The Combined Federal Campaign, the nation's largest "I-gave-at-the-office" charity solicitation, was criticized before a House subcommittee yesterday for not allowing new agencies -- particularly minority-sponsored ones -- to share its annual $80 million pot.

Rep. Julian C. Dixon (D-Calf.), the leadoff witness at the first of four days of hearings on the campaign, said black charities are "consistently denied" inclusion in the campaign. The fund drive, which collects charitable contributions from 2.8 million federal workers, last year raised $9 million in the Washington area, or about 45 percent of the total local United Way collections.

Dixon accused the Office of Personnel Management (OPM), successor to the Civil Service Commission, of promulgating policies "in a manner which not only excludes black and minority charitable organizations, but also incourages harassment of those black groups which seek to participate" in the drive among federal workers, 20 percent of whom are members of a minority.

In the Washington area, a United Black Fund is part of the United Way, but the only black organization that gets money directly from the Combined Federal Campaign, Dixon said, is the National Association for Sickle Cell Disease.

The National Black United Fund, an umbrella organization of black charities that, unlike the local United Black Fund, does not cooperate with local United Ways, has filed suit in u.s. court seeking to be included in the Combined Federal Campaign nationwide.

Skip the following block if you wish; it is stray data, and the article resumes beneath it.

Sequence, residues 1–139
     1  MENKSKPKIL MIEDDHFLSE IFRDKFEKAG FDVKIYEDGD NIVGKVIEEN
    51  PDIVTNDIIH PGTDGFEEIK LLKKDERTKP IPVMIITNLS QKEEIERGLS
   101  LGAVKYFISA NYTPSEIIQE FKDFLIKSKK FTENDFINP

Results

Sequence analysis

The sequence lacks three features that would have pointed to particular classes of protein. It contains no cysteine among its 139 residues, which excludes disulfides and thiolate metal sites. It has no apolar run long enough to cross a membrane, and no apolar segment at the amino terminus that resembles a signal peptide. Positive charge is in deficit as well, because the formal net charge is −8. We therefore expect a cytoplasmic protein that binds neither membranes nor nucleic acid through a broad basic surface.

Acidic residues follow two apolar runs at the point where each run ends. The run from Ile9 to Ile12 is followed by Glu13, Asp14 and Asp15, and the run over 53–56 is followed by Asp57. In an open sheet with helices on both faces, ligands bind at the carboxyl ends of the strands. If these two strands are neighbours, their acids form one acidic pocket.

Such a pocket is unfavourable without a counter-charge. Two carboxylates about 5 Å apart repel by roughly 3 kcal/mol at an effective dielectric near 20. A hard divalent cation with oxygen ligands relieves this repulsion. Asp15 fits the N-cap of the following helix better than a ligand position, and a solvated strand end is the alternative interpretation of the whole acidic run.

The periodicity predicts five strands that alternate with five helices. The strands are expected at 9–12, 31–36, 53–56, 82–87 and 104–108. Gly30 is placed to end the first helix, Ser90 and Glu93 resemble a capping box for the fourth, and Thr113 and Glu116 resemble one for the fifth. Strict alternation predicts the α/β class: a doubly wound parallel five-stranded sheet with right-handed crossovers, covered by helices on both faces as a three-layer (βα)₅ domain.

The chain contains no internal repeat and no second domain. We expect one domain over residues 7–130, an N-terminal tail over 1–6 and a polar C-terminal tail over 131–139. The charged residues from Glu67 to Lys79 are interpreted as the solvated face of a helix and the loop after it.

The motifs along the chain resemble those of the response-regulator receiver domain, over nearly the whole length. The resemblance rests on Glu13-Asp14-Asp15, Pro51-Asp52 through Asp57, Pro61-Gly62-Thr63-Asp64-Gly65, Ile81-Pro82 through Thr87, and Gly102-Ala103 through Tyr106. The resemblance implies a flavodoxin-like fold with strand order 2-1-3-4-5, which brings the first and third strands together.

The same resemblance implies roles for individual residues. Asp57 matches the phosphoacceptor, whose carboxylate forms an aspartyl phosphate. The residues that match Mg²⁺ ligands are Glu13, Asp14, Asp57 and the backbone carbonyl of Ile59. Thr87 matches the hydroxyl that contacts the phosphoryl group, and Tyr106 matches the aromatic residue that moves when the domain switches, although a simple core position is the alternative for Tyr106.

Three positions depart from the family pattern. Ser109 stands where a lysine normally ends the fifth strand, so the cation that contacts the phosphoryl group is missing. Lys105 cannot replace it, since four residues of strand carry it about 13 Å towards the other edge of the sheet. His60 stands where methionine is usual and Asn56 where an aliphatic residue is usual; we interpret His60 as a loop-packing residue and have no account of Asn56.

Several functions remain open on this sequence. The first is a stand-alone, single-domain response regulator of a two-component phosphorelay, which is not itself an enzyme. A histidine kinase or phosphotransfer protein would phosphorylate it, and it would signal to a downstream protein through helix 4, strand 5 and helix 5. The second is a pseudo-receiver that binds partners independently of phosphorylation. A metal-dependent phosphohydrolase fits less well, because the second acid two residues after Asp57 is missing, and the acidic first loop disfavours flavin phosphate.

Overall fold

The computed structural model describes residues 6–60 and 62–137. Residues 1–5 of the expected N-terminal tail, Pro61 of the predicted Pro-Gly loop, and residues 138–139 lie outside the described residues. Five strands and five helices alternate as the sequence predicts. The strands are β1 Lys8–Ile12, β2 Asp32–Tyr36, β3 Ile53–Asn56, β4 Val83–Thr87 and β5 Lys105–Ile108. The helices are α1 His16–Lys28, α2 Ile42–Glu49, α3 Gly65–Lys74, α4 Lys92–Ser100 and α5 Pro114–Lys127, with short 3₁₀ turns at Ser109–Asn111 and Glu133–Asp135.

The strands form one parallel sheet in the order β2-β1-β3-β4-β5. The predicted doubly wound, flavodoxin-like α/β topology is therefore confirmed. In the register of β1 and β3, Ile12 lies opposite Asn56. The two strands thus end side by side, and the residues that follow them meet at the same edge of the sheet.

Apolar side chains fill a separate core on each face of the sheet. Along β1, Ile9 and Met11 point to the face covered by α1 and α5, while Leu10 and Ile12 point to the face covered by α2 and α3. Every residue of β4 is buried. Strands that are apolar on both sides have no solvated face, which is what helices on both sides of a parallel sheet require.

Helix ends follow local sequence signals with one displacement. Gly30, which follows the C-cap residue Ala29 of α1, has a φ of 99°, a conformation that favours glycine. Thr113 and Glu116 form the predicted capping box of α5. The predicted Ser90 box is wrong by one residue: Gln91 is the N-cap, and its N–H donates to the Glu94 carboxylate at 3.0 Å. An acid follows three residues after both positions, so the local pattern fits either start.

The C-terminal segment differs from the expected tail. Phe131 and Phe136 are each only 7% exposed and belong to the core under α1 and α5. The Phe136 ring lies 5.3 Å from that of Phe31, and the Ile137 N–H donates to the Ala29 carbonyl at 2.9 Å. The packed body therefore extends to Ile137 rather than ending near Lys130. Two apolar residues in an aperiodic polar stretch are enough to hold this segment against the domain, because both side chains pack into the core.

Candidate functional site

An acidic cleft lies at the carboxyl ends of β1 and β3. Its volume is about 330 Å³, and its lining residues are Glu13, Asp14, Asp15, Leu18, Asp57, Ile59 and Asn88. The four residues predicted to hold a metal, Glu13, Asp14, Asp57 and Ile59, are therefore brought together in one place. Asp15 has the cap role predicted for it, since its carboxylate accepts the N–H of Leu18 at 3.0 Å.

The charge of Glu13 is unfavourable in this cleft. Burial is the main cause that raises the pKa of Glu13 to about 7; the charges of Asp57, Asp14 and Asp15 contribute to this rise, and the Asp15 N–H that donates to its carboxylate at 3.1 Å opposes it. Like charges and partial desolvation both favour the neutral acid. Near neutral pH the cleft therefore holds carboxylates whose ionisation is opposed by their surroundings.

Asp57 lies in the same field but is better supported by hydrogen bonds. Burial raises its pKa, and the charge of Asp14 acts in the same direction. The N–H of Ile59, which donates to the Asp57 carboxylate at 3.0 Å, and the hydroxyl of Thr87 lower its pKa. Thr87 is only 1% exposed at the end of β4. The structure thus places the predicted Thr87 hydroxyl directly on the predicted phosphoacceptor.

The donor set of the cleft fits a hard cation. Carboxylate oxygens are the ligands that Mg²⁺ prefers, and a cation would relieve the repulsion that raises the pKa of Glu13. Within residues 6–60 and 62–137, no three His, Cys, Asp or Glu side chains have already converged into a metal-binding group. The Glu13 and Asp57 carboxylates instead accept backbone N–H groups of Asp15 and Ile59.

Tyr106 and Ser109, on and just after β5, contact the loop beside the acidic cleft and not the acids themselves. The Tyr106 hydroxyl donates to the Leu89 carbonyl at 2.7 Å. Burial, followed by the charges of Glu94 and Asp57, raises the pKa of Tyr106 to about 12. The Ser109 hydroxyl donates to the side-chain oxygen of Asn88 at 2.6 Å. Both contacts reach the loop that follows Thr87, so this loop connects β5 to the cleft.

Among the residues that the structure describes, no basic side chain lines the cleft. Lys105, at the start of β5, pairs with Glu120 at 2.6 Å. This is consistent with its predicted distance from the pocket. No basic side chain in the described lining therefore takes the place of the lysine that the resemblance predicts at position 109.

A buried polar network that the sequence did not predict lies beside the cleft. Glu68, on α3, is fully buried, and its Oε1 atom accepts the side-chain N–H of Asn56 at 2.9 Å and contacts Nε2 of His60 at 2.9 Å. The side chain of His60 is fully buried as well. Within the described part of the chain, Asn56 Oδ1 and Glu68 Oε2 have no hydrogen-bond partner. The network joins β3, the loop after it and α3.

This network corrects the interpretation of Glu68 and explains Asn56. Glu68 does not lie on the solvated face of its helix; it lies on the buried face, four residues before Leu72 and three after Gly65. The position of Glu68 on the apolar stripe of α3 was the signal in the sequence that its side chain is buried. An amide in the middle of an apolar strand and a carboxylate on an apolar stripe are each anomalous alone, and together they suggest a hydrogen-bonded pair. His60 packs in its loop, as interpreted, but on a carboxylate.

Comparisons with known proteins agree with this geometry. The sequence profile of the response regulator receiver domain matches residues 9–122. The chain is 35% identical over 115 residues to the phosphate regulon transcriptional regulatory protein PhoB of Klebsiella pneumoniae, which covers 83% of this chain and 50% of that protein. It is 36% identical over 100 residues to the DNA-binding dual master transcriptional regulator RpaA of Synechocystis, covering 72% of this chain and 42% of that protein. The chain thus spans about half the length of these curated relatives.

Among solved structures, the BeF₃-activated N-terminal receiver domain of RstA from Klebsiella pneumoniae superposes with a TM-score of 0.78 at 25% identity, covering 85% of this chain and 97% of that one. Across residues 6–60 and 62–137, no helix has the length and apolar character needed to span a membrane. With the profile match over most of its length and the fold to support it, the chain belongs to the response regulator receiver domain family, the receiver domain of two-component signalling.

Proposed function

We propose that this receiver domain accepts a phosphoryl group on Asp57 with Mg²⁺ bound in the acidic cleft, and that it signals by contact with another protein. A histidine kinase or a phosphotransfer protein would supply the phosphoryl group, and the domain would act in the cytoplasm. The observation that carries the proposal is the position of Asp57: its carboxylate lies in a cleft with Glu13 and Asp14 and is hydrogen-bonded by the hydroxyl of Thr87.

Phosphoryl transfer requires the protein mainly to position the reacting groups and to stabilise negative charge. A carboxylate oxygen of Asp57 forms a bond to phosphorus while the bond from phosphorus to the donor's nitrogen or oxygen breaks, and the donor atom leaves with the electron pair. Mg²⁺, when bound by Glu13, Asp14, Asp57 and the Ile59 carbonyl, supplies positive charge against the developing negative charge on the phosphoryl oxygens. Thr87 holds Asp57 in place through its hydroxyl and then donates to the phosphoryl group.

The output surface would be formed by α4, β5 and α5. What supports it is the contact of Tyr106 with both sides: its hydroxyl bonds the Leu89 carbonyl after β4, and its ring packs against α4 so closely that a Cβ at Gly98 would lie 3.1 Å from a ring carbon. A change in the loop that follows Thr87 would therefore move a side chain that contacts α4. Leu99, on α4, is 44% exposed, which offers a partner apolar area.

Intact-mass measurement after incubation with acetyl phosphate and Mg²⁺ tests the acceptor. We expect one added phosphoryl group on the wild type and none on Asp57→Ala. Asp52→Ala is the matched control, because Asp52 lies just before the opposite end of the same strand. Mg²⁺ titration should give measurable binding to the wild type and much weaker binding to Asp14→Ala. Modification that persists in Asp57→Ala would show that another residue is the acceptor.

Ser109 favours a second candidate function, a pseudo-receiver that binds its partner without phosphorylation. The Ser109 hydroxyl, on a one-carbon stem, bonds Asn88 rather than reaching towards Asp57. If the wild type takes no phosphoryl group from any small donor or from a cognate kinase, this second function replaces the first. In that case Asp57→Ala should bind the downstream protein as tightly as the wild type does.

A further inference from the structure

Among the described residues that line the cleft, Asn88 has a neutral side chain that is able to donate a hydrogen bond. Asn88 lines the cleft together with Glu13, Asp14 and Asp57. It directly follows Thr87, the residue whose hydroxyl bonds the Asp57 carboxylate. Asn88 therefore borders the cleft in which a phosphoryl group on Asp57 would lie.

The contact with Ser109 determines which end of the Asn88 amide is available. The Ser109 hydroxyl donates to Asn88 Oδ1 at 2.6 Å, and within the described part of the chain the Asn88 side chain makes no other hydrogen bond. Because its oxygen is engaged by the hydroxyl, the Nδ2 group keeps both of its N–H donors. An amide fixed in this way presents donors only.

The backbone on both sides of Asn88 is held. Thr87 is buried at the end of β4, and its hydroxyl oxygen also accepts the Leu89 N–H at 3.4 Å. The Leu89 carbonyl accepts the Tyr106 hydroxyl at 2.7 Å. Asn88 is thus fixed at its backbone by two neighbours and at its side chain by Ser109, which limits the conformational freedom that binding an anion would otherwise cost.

Under the combined campaign, federal employees may designate which of a list of charities in their home towns get the money they want deducted from their pay checks.

Rep. Patricia Schroeder (D-Colo.), who chairs the House Civil Service Subcommittee, said she convened the hearings to look into charges that the combined campaign now operates "solely for the benefit of participating charities." She said critics have accused it of "becoming less controlled by and run for the benefit of federal employes."

Schroeder said she also is "concerned that there are other public charities which emplyees would like to contribute to through the use of payroll deduction."

Alan K. Campbell, director of OPM, defended the combined campaign, but said he was worried that the timing of the hearings, which continue today and again next thursday and friday, might have "an impact" on the current fund-raising campaign.

Campbell said the combined campaign is "looking at the need to bring in some of the increasing number and types of organizations" that now are excluded. He warned that dropping all existing standrads for participation could open the flood gates to up to 70,000 tax exempt groups.

Campaign recipients now must be national organizations in the health and welfare fields whose fund raising and administrative costs total no more than 25 percent of their receipts.

Walter Bremond, exectuive director of the National Black United Fund, said the national-scope requirement blocks minority charities that tend to concentrate in certain cities.